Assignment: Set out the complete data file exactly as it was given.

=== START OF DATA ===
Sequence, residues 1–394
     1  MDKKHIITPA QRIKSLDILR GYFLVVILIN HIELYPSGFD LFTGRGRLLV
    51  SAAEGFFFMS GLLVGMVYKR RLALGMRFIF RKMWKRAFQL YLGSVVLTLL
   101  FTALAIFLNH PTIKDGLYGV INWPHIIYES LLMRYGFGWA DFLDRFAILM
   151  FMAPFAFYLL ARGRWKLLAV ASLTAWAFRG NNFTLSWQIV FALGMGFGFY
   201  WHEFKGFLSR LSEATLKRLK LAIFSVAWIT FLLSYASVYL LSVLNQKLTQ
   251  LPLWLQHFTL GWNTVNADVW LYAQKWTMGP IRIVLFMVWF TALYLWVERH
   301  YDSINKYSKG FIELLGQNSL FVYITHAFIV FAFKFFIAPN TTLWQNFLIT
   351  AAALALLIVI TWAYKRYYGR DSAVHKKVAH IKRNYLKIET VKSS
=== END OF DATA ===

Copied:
Sequence, residues 1–394
     1  MDKKHIITPA QRIKSLDILR GYFLVVILIN HIELYPSGFD LFTGRGRLLV
    51  SAAEGFFFMS GLLVGMVYKR RLALGMRFIF RKMWKRAFQL YLGSVVLTLL
   101  FTALAIFLNH PTIKDGLYGV INWPHIIYES LLMRYGFGWA DFLDRFAILM
   151  FMAPFAFYLL ARGRWKLLAV ASLTAWAFRG NNFTLSWQIV FALGMGFGFY
   201  WHEFKGFLSR LSEATLKRLK LAIFSVAWIT FLLSYASVYL LSVLNQKLTQ
   251  LPLWLQHFTL GWNTVNADVW LYAQKWTMGP IRIVLFMVWF TALYLWVERH
   301  YDSINKYSKG FIELLGQNSL FVYITHAFIV FAFKFFIAPN TTLWQNFLIT
   351  AAALALLIVI TWAYKRYYGR DSAVHKKVAH IKRNYLKIET VKSS